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Oscar Nominations: From Scorsese To Mickey Mouse

Oscar Nominations: From Scorsese To Mickey Mouse

Remember all those pundits who insisted that Oprah Winfrey
was a “lock” for an Oscar nomination? Or that the Academy was too old and
out-of-touch to embrace a film as raw and edgy as The Wolf of Wall Street? Once again, the members of the Academy of
Motion Picture Arts and Sciences have sprung a number of surprises on us with
this year’s nominations.

You can explore this roster any number of ways: eight of the
actors in contention are first-time nominees, proof again that the Academy
actors’ branch is particularly welcoming to newcomers—even if one of them, June
Squibb, is 84 years old. At the other end of that spectrum, Jennifer Lawrence
has set a new record, amassing three Oscar nominations at the age of 23.

Another beloved veteran is represented in this year’s
lineup: Mickey Mouse, who is featured in Lauren MacMullan’s wonderful Disney short
subject Get a Horse!

American Hustle
duplicates a rare feat pulled off by David O. Russell’s Silver Linings Playbook last year, earning nominations in every
leading category: Best Picture, Director, Screenplay, and all four acting

There are also discouraging statistics. The Lone Ranger, one of the worst movies of this or any year,
earned two nominations, for visual effects and makeup and hairstyling…while
such fine films as Mud and Enough Said got nothing at all. Saving Mr. Banks was shut out except for
Thomas Newman’s score.

Even more frustrating is the fact that all nine Best Picture
nominees were released in the last three months of 2013. It’s a sad state of
affairs when anyone who makes a quality film feels impelled to hold it back
until awards season is underway… while the few good films that do make their
way into theaters earlier are forgotten.

But that’s the way things work in Hollywood, and no one
seems eager to change the status quo.

A sidenote: the announcement of Oscar nominations is one of
this town’s most interesting rituals. Many members of the Academy staff are up
all night preparing press handouts, while people in the media (like me) are
forced to wake up long before dawn in order to be in the Samuel Goldwyn Theater
by 5:30 a.m. The streets outside are quiet and dark, but inside there’s a crowd
of journalists and publicists chatting away, eating breakfast, and getting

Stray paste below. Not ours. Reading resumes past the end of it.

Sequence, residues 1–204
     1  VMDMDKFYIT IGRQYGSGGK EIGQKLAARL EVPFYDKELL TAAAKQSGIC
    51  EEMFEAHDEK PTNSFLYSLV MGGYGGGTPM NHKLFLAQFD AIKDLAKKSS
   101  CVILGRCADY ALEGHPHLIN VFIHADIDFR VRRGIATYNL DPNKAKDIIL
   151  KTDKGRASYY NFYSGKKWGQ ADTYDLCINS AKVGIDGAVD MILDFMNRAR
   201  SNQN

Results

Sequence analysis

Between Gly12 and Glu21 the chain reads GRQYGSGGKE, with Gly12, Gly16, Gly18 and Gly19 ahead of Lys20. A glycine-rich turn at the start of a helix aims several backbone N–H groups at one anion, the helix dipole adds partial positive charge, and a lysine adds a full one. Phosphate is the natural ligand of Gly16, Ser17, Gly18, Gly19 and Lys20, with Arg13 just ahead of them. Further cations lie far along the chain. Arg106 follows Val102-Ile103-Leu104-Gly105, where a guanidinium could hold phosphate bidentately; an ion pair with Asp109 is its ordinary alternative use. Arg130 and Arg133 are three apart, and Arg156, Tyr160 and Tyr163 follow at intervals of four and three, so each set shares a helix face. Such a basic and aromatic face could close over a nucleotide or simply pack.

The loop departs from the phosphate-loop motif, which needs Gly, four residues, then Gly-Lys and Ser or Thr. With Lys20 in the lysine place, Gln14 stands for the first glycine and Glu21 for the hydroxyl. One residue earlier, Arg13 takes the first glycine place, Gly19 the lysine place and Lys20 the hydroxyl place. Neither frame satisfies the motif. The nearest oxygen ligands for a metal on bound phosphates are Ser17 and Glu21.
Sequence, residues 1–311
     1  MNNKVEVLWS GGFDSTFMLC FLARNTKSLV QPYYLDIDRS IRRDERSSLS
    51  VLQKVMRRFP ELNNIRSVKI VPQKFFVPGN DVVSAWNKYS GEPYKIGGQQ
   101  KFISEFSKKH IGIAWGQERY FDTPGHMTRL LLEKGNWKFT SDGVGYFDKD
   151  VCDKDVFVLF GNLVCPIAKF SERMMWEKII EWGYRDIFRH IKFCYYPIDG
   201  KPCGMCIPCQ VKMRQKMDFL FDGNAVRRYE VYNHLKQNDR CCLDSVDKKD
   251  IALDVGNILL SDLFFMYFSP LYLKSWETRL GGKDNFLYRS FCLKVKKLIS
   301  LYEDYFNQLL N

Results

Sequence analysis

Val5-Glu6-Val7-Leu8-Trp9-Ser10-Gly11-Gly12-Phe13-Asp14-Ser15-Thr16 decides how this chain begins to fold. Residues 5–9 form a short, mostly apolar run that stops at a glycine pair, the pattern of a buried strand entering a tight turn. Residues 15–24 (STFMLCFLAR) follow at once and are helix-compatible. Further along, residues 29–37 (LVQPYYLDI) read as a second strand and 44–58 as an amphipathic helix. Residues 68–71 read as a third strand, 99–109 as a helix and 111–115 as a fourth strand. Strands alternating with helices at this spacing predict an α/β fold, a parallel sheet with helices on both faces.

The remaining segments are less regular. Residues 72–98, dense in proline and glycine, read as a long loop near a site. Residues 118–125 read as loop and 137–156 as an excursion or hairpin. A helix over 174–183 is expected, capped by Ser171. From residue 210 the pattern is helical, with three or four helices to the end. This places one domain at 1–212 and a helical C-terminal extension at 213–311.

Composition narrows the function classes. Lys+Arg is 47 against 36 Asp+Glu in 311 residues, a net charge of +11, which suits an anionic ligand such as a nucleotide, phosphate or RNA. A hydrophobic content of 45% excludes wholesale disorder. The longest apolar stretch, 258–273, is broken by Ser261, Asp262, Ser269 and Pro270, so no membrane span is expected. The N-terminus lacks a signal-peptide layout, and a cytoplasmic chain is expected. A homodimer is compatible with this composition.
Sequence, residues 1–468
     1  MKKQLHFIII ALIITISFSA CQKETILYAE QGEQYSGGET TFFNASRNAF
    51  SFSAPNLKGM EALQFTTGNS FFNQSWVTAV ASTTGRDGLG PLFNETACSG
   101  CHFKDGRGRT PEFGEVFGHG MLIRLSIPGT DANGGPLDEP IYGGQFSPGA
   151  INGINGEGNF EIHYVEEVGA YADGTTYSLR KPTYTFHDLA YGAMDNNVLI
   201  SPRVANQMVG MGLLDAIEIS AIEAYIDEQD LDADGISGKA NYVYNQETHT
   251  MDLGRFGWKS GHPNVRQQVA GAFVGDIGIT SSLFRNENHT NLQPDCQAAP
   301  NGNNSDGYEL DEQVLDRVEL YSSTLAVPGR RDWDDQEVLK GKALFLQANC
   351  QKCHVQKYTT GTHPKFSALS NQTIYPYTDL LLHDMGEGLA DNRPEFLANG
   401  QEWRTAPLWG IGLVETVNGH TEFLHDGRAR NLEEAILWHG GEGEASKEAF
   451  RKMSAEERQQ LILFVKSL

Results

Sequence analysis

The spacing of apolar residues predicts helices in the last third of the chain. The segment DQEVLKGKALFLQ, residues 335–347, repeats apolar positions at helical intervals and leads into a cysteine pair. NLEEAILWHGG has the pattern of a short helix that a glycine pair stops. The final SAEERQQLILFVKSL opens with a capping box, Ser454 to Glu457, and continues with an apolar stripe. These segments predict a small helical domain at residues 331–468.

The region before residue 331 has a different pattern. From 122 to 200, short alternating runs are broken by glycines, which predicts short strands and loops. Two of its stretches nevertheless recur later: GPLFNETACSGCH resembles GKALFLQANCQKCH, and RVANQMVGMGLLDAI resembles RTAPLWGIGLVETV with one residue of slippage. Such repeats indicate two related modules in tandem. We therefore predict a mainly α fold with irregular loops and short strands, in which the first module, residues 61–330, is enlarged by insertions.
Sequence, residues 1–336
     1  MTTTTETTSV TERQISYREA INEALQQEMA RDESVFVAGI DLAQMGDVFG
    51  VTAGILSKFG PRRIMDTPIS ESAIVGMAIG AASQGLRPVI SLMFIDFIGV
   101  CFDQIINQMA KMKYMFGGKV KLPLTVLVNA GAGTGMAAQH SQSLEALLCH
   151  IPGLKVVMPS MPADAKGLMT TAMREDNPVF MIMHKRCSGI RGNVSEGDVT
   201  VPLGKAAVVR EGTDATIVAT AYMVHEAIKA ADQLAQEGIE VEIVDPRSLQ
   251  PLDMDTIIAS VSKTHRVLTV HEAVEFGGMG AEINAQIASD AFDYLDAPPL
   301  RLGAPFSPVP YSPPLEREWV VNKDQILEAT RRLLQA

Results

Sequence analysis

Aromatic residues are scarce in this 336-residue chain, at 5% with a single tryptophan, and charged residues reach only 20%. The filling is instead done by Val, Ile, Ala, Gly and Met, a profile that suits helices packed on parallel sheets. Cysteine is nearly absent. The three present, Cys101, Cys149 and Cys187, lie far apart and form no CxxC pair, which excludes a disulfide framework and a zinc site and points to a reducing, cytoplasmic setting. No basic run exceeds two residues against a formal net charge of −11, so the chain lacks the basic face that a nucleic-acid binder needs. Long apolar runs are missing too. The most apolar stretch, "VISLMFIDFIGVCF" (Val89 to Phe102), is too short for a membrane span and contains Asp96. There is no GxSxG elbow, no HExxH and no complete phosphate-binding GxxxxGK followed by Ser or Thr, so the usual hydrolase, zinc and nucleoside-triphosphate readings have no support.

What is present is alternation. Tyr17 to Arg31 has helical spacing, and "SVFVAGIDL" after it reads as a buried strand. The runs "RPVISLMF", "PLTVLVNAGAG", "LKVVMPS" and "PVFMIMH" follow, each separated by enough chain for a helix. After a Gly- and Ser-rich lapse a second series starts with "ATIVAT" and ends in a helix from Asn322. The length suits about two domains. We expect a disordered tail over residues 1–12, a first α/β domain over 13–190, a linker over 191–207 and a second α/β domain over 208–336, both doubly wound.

ready to rush into the auditorium as soon as the starting bell is rung.

It may not be
terribly consequential to anyone who doesn’t care about show business, but the
announcement is worldwide news, and it’s all generated at a specific moment in
this particular location. Being there is always exciting.

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Mr. Maltin laments the fact that films released earlier in the year are going to be forgotten because they won't be Oscar nominees. They won't be forgotten by movie buffs who saw them in theaters. Moreover, I disagree that the Oscars need to change with regards to their strong bias in favor of films released towards the end of the year. Those of us who want to follow the Oscars but can't be as thorough as a professional movie critic throughout the calendar year, will find this post-September slant to be a convenience, rather than an indictment, of the Academy Awards. The fact is that if you miss the entire spring or summer at the theaters, it won't mean a thing.


I was upset that "Saving Mr. Banks" didn't get nominated for Best Picture and Best Actress. It may have to do with the fact that it was released late in the year. But I'm glad that it's nominated for music. I was also disappointed that "Monsters University didn't get nominated for Best Animated Feature.


Couldn't agree more. Emma Thompson carried "Saving Mr. Banks" and Colin Farrell deserved recognition, too. It's not easy to pull off a performance where you love and hate a character at the same time, and both did so admirably. "Inside Llewyn Davis" while imperfect, was certainly a more interesting film than "Hustle" or many of the other nominees.


The Oscars have never proven themselves to be the perfect arbiter of what's "the best," whatever that means, because such notions are subjective. I can think of many films I hated that won Best Picture.

Perhaps we should go to a system that the Washington/Chesapeake regional Academy of Television Arts and Sciences uses: to award multiple Emmys where warranted. That is, to honor excellence, not rankings. Thus, you could have a system whereby any film that scores, for instance, above 90 on a scale of 100 wins an award, all equally honored.


Yeah, a lot of films released early in the year tend to get ignored. "42" was released WAY back in April and, to me at least, Harrison Ford's Branch Rickey was worth at least a little attention.

mike schlesinger

On the other hand, four of the five Best Actress nominees are previous winners, and had it been Thompson instead of Adams it would have been a complete sweep.

I agree that it's a shock the MR. BANKS was so soundly snubbed. I disagree, though, about THE LONE RANGER. Watch it again with an open mind.


Dear Lenny,
Get off the Lone Ranger! Depp was right….you hated the film even before it came out! I hope it wins something just to piss you off.


Couldn't agree more w/ your assessment, Mr. Maltin. And it really is a shame that so films released in the first two-thirds of the year just get completely ignored.

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